When everyone is heads-down glued to their phones, it's usually because they're tapping away, sending messages back and forth. The ubiquity of instant messaging has trained all of us to ping someone with a text or chat message instead of the last-century method of making a phone call.
This behavior modification has an important impact on business. Recent research from BI Intelligence found that customers are more likely to shop at a business they can engage with through a chat app. Facebook, Google and other companies already offer their own solutions for doing this with tools like Messenger and Google My Business.
Apple is finally jumping into this area, launching Apple Business Chat. The feature is in preview and is set for release later this year with iOS 11. It'll integrate an iMessage-style option right inside Apple Maps and search results on one's iPhone.Apple Business Chat empowers customers to reach out to a business directly through iMessage. Credit: Apple
You'll also be able to begin a conversation with a business through Siri and Spotlight search. It leverages Apple's ecosystem to deliver a frictionless experience, something that has traditionally been a strength of Facebook and Google. [Looking for live chat solutions? Here are a few of our recommendations.]
Closing the final loop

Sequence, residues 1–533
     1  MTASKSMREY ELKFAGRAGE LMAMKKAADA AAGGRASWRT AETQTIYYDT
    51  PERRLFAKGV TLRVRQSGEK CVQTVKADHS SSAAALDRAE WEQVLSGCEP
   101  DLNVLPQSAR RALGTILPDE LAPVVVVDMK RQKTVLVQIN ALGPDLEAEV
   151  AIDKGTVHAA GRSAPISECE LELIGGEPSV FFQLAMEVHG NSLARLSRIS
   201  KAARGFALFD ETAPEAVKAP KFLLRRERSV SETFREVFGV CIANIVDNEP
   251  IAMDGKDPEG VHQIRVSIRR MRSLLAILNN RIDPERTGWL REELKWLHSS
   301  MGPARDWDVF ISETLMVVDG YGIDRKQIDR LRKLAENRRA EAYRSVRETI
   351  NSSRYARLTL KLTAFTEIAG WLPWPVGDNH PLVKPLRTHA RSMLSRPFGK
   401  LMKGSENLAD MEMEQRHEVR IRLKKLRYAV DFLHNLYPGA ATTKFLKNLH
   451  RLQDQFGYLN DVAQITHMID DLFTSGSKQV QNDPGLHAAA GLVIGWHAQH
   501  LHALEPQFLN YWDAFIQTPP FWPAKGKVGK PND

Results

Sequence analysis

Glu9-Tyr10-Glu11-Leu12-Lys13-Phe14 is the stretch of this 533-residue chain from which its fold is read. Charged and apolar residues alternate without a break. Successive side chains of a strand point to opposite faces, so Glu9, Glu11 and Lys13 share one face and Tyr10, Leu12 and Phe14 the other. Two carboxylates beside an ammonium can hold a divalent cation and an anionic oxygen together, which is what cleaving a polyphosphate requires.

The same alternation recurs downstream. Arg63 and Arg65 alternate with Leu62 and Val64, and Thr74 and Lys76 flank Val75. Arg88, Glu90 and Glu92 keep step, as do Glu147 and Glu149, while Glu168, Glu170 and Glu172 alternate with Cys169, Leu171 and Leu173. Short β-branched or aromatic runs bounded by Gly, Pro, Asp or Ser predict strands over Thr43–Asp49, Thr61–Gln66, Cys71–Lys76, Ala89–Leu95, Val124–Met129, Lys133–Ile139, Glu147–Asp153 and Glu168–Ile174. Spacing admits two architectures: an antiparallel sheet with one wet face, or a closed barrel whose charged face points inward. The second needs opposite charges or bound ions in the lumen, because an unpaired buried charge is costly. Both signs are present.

The strategy for Apple is critical. A presentation archived from the company's Worldwide Developer Conference details how one could go from searching for a business to striking up a conversation right on the iPhone.
"In looking at what [Apple is] offering, it's a straightforward kind of step for people to take advantage of the ubiquity of people's smartphones and knowing their location and leveraging that to get people connected with business," said Bob O'Donnell, founder and chief analyst of TECHnalysis Research. "This then provides the business with another tool to interact with the customers directly."
The biggest question mark, according to O'Donnell, is automation. For example, businesses with a Facebook page can use Messenger to deliver an automatic message once someone writes in. This way consumers get the immediate feedback, and it buys the business time to respond.
With smaller shops especially, not all owners are available to hop right onto their phones and respond. For the feature to be more practical, some type of automated response system should be built in, according to O'Donnell.
Embracing the future
Apple Business Chat is but one of many ways that businesses can embrace digital tools for communicating with current and potential customers.
"Data shows more and more people are clicking on ads online, particularly on mobile, ordering products, and doing most of their research with their smartphone," said O'Donnell. "[For] a local business … [these devices] have considerable value, [giving them] the ability to tap into how a smartphone can recognize where a person is and what sorts of things they're searching for."
Business Chat is available in preview with iOS 11. One must sign up for the developer preview to try it out, keeping in mind there are likely to be bugs and other instabilities with the current version. Additionally, Apple may announce other features as it gets closer to a launch date.